Resolution: We resolve not to increase the police budget, but instead hire 1,000 more Safe Streets workers. "Safe Streets," you ask? Yes, Safe Streets is a program that hires ex-felons to prevent violence and keep streets safe in communities such as McElderry Park and Park Heights, and it works. These workers have shown in the past that they can effectively keep peace in neighborhoods, leading to lowered crime and murder rates.
Resolution: Open and reopen recreation centers attached to our schools, which can be run in part by the men and women of Safe Streets, the Baltimore Police, and community volunteers. Let's transform our city schools into community schools that stay open late into the evening for learning, recreation, health, and more.
Resolution: Instead of locking up so many first- and second-time offenders of nonviolent crimes, we resolve to put them into community programs run by the thousands of people whose work is unheralded and underfunded every day—people who already work with our children and communities.
Resolution: Create a Baltimore Civilian Review Board, with authority to hire and fire police, recommend indictments and exonerations, and conduct open investigations. Police body cameras are a great idea, but this practice will not transform how the police interact with our citizens, especially in the black and poorest communities.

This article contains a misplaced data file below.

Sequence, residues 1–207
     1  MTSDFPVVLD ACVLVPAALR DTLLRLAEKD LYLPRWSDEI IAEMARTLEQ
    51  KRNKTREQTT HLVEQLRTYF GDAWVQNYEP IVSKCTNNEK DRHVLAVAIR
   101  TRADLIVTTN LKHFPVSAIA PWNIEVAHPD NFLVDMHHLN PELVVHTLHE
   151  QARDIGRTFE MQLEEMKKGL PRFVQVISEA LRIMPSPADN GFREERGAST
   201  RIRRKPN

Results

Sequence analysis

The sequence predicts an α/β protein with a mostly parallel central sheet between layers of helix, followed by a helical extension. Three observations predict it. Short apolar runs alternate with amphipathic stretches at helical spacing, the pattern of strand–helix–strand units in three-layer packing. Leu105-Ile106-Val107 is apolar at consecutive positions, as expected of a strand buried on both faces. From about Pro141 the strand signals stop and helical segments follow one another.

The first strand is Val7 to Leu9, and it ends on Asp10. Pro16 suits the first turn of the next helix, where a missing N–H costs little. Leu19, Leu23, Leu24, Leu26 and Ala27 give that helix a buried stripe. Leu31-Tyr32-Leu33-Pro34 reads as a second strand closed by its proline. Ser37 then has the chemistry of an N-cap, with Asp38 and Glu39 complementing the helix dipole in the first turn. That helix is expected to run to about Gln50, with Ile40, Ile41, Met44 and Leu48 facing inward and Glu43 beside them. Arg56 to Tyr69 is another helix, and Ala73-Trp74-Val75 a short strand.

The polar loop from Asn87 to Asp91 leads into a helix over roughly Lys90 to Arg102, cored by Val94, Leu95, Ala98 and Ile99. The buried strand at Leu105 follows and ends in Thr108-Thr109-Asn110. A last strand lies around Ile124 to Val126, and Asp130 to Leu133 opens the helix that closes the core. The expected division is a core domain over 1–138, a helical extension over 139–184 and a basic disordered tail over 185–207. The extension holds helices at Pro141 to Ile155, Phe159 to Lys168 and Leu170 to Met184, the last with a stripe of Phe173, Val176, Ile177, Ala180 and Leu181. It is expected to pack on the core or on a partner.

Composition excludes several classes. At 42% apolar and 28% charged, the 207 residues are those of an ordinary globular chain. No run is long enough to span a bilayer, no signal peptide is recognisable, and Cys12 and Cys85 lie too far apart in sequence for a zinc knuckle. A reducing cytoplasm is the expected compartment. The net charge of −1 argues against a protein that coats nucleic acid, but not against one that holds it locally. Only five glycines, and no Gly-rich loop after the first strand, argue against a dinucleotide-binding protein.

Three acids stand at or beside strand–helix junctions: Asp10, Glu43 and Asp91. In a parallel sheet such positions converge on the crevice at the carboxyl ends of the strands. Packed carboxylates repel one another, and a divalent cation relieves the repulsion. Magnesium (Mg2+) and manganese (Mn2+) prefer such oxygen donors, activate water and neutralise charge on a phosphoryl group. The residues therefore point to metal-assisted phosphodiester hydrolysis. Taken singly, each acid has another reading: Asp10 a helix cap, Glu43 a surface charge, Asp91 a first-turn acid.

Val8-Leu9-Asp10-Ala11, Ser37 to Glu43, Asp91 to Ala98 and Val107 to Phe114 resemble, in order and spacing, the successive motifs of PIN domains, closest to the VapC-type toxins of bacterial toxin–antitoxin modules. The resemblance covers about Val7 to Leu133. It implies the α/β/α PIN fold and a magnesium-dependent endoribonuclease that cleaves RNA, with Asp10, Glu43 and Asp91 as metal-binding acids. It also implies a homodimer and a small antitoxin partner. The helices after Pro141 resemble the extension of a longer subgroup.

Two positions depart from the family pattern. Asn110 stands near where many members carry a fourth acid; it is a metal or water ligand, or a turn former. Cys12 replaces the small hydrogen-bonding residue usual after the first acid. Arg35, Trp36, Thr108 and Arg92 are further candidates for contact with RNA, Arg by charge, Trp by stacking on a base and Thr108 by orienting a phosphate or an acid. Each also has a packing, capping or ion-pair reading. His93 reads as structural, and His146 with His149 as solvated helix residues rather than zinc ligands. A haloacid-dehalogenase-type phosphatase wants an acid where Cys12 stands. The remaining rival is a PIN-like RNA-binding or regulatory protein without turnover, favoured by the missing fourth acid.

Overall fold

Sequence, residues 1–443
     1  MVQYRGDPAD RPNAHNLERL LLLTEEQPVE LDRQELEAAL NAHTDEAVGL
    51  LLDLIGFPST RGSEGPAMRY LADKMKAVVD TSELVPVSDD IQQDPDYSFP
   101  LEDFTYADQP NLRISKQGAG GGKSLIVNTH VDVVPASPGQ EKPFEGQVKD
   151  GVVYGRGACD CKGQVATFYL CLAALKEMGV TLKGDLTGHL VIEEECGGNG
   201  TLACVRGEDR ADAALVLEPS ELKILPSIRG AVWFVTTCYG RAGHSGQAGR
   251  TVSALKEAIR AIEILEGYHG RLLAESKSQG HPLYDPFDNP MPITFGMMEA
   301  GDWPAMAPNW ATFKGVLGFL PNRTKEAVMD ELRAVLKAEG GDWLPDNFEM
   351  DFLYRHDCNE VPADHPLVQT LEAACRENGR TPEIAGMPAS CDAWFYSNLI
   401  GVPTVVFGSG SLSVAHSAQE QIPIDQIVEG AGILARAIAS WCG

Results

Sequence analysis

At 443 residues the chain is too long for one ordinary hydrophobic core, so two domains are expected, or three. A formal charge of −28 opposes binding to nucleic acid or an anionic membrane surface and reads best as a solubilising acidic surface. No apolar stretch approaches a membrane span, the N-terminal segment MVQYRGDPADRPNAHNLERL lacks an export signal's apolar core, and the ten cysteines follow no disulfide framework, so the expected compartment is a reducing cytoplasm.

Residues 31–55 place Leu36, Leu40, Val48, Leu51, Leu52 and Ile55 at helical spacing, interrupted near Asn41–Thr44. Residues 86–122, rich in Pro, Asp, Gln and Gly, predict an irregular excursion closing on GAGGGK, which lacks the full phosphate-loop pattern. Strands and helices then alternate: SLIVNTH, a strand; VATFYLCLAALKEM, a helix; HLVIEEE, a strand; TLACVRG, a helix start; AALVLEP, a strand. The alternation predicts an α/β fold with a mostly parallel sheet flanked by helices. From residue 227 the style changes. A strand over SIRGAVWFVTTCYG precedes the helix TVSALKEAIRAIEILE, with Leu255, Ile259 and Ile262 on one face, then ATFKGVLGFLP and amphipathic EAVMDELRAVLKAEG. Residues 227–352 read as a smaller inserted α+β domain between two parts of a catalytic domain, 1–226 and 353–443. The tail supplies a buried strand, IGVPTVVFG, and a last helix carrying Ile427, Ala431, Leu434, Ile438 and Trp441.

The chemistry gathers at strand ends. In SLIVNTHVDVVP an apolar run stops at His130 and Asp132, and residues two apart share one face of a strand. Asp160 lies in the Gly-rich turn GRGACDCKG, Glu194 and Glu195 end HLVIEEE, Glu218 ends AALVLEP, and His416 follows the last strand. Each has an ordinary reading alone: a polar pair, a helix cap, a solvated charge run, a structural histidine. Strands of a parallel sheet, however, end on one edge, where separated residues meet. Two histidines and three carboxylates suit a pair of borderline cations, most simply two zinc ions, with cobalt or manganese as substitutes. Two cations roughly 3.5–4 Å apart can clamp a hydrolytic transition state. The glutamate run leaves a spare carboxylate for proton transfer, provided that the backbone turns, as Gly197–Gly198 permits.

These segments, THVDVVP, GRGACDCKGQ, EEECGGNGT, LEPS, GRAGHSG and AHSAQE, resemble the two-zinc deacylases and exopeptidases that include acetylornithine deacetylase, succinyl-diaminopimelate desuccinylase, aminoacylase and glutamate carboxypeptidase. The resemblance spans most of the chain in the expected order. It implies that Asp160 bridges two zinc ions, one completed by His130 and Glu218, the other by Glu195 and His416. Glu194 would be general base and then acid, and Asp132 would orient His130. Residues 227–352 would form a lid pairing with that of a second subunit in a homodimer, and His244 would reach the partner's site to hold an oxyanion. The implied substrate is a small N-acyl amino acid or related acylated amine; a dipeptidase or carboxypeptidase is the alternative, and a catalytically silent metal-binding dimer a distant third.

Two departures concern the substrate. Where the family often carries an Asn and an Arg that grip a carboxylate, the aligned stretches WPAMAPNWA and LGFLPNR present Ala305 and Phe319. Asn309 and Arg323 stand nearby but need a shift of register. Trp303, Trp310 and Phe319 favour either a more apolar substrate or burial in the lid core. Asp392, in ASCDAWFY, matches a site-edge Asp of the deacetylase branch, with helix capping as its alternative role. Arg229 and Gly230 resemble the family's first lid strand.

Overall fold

Resolution: Make Station North Arts and Entertainment District the model for what urban development can really be. Station North can be a place for black and white artists to live and work together. MICA, Hopkins, Baltimore City, and foundations should develop properties that are affordable for all, alongside the private development that charges rents most artists cannot afford. Let Station North be a place where diverse communities meet and live, crossing lines of income and race.
Resolution: Pass a charter amendment that borrows $400 million (pick a number) to rebuild housing in communities for the working poor, hire those who live there to do the work, and make these communities into housing co-ops run by those residents. If we can afford bond issues, PILOTs, and more for wealthy developers, we can do this too.
Resolution: Turn our vacant lots and empty spaces into parks, playgrounds, gardens, farms, and places for community recreation and quiet spaces.
In 1983 I coined the term "The Outer Harbor" for Billy Murphy's campaign for mayor, to illustrate a need for investment in communities that surround the downtown tourist and high-income areas. In 2015, the term is still relevant. We will never have a truly great city, or a peaceful or happy one, until we build a city for all of us.